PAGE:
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Monster Cod and Coalfish Shetland

sea fishing, personal best. coalfish, wreck fishing, Alba game fishing, orvis guide

For years i had heard stories about monster sea fish being caught around the coast of Shetland, it was naturally added to the bucket list. My interest in this was further fueled by articles in fishing mags, and chats with fellow anglers who had first hand experience.

In 2015, I managed to get a client from London to fly to Shetland for a three day adventure.

The Shetland Isles are Britains most Northerly groups of Islands, culturally a million miles from London, although don’t call the Shetlander’s British or Scottish for that matter. I think they see themselves more Scandic and in fact, uniquely just as “Shetlanders” If you’ve never been then you should. This is not only a fishing Mecca in Scotland, but the people are amongst the friendliest and most authentic you will meet in the UK.

I first started going there in the mid 1980’s, and have been over 110 times, so it now seems natural to me to host occasional trips there. Some of the most impressive brown trout can be caught in Shetland, but you need to know where to go, and you need be prepared to fish in the wee small hours of the night, when these fearsome predators come out from hiding to feed. You need to keep your wits about you, and cast an honest line, with accuracy at the crucial moment. It’s not for the faint hearted. However our main quarry and reason for the trip was to try and target some big sea fish and we were focused on that single goal.

You travel a long way to get to Shetland and then of course you’re praying for good weather and hoping the winds blow favourably, and that they did. The skipper met us the night before and explained it would be a fresh southerly wind but fishable, and those that may suffer from sea sickness were offered a small plaster containing anti motion and sickness drug called Scopolamine. You stick this on your neck the night before and hope it doesn’t come off in the shower…well that wasn’t a problem for me, showering was forgotten, I was after all spending the next day in a sea boat in the middle of the ocean, with other hairy arsed fishermen, probably they were unshowered too, so really, who cares?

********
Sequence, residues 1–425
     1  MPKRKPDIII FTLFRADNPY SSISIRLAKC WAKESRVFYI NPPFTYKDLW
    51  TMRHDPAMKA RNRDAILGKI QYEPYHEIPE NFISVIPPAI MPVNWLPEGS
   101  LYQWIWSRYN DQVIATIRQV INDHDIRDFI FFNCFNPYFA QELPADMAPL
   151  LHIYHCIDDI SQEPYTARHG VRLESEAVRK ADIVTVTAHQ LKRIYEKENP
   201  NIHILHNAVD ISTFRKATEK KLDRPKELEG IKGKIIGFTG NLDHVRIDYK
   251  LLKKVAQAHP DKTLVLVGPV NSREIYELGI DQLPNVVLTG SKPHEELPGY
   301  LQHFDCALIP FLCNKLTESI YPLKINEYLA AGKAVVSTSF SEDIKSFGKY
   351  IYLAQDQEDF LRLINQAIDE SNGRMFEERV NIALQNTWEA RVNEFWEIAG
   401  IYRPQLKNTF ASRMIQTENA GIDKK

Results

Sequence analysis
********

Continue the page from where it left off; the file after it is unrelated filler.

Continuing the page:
We headed off in the morning on a 1 hour sail to the north of the northern most island in the archipelago of Shetland, Unst. We headed to the north east side and the lighthouse on Muckle Flugga Lighthouse. This arguably the most Northerly point in the UK. The sea was teaming with fish, if you take a look at fish finder image (below), that cloud you see is Coalfish under the boat, big ones too. I couldn’t wait for the first drop, and within 10 secs of connecting on the bottom, I engaged the clutch on the reel and a 20lb cod took a solid hold of the Gummy Mac lure and we were off and running. 175ft of battling and the reward of a look at a magnificent cod, in fact the best looking cod I had ever seen, bright, fresh, a jewel from the clear waters. My client was into a fish too, first drop, a 15lb coalfish. I welcomed the break to watch him land it and take photos, my arms were already pumped wth lactic acid.

The day went on and you had to ask yourself this question, not will I catch a fish, but “have I the strength and energy to bring another one up? I hooked two different fish that were unstoppable and ripped line off the reel mercilessly – I had to eventually lock up the clutch and straighten to rod and break them off, no mean feat with 80lb braid and a 65lb shock leader. My client got into a real tussle when for some reason and without my knowing was given a cast with two gummy mac lures on and two big Coalies took a hold at the same time. I counted 37 minutes on the watch of socket wrenching, muscle sapping toil..Look at his face, one was 26 the other 27lb…snip! back to just the single gummy mac after that ordeal then!

So in summary, three personal bests smashed in one day, a 26lb Cod, a 24lb Coalfish and a 15lb Ling, which might be a tiddler, but was the beast eating fish I have ever had.

To top it all, off, that night I had 1 hour on the “Secret Loch” and landed and released a 6lb wild brown on a dry daddy.

A friend put me in touch with Hamish at Shetland Transport, a top man, and I was able to ship back to Edinburgh a small box of frozen Cod, Ling and Coalfish fillets that kept our family fed through the winter. I remember fondly, meeting the lorry in the outskirts of Edinburgh, it was packed with a huge shipment of fish bound for Poland and my wee box by comparison.

Carlsberg don’t do fishing trips….



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